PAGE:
The Alberta government’s Indigenous Solar Program funded the installation of solar panels at some band buildings on the Little Red River Cree Nation. Alberta government photo.
The Little Red River Cree First Nation installed solar panels on Kayas College, band office
The Little Red River Cree First Nation recently installed solar panels on two buildings on the reserve.
Chief Conroy Sewepagaham says “this is an exciting opportunity for our community to invest in green energy and support our commitment to environmental stewardship”.
The project was made possible by a $161,168 grant from the Alberta government under funding available for Indigenous climate leadership programs which are designed to offer Indigenous communities greater energy security.
According to a press release from the Notley government, the project will cut greenhouse gases, reduce energy bills and support local jobs. The solar panels were installed on Kayas College and the band office.
It is estimated that the solar panels will save the band about $7,000 per year, and will allow the Little Red River Cree First Nation to reinvest in other community priorities.
“In addition, renewable energies, such as solar, are Treaty-friendly to our peoples for as long as the sun shines, the grass grows and the waters flow…” said Sewepagaham.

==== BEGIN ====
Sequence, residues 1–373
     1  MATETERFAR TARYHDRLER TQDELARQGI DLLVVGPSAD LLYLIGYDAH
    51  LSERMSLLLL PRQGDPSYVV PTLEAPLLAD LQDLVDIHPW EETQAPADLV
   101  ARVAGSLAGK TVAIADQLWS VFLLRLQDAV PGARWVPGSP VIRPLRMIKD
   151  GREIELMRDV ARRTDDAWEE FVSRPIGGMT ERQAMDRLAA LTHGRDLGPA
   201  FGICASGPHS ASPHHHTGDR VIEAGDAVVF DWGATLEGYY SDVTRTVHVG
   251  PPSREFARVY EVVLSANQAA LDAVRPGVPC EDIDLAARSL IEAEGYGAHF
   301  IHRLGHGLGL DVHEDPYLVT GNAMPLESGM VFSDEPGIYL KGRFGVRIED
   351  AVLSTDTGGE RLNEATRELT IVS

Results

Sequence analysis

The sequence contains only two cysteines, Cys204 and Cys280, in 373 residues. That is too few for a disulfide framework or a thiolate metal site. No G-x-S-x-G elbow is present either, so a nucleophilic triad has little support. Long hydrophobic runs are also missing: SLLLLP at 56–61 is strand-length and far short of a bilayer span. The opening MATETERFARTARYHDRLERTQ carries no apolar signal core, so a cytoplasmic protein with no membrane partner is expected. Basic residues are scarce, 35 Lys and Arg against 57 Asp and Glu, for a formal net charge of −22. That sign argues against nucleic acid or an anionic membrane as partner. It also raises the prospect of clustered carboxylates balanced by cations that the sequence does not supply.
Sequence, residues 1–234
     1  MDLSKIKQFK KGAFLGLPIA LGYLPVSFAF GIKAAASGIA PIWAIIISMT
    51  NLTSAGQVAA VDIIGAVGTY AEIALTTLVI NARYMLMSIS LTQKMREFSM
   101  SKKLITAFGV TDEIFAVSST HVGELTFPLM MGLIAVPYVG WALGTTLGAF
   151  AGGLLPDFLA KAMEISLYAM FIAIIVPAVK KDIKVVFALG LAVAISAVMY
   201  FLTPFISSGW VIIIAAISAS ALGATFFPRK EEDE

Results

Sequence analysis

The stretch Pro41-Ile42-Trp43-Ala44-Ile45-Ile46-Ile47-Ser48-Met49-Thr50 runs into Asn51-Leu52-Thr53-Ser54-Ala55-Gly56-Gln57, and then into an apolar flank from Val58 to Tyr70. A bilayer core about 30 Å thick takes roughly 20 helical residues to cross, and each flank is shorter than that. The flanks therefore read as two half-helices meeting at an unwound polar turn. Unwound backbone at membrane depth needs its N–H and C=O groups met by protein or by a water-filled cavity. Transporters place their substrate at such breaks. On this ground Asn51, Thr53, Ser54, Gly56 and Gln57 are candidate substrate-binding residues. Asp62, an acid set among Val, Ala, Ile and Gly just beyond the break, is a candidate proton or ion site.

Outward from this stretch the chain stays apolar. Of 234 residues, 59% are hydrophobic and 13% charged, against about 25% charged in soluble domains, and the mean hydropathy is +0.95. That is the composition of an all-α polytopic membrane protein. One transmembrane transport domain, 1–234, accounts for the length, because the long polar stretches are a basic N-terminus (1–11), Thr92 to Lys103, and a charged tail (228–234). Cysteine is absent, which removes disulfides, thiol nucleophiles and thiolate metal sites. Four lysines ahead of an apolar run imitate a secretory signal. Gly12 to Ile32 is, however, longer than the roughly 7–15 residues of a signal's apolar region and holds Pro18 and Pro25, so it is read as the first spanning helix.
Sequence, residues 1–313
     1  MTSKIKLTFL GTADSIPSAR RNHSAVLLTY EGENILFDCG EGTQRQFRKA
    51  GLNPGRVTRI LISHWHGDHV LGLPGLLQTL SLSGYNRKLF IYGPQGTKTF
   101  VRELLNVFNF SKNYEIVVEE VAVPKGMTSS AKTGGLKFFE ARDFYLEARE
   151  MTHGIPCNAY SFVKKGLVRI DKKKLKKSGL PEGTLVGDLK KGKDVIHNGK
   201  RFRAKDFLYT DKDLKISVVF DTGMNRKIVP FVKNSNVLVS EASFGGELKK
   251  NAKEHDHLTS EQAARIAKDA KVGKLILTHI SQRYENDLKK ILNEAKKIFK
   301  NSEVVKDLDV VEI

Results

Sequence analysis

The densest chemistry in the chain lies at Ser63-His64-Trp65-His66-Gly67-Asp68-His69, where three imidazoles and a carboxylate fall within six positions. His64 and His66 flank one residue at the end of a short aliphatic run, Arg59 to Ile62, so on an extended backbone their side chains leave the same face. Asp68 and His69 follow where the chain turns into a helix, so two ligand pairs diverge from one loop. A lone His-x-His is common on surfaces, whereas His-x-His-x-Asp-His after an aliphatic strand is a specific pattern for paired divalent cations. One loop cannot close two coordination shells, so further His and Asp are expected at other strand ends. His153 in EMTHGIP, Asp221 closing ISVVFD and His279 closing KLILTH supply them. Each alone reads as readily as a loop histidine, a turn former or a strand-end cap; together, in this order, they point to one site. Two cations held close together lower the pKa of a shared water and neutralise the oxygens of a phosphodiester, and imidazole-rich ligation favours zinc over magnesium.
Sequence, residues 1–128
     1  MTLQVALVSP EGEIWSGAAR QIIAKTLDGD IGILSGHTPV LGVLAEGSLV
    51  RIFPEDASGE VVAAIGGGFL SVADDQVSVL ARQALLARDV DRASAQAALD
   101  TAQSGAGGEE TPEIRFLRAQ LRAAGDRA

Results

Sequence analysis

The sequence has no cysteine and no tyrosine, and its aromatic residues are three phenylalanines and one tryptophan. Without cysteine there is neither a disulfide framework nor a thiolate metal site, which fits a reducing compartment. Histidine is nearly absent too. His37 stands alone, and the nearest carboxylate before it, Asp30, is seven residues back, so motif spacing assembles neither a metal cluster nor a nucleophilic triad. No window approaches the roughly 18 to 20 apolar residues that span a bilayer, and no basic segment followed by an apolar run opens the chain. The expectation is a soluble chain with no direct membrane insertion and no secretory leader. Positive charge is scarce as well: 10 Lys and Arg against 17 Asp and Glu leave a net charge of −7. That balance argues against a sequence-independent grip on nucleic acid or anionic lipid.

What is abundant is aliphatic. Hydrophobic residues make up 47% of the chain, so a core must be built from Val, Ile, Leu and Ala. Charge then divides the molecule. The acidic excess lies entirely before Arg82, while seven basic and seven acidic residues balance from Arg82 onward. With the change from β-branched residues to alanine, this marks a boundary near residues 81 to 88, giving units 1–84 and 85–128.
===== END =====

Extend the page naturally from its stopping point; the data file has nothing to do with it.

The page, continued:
The solar panels are expected to generate 55.1 kilowatt hours per year and prevent about 880 tonnes greenhouse gases entering the atmosphere. This is the equivalent of taking about 190 cars off the roads.
“We are proud to support Little Red River Cree Nation, and applaud their environmental leadership,” said Richard Feehan, Alberta Minister of Indigenous Relations. “This grant will help the Nation make life better for its community and for future generations.”
The Nation also received $67,247 through the Alberta Indigenous Climate Capacity Program to assist in climate-related training, and $171,745 through the Alberta Indigenous Community Energy (Audits) Program to assist the Nation in performing energy assessments on community-owned buildings to help them identify energy conservation opportunities.
According to the Alberta government, these initiatives support the Notley government’s commitment to implement the principles of the United Nations Declaration on the Rights of Indigenous Peoples.
The Little Red River Cree First Nation is located approximately 750 Km north of Edmonton.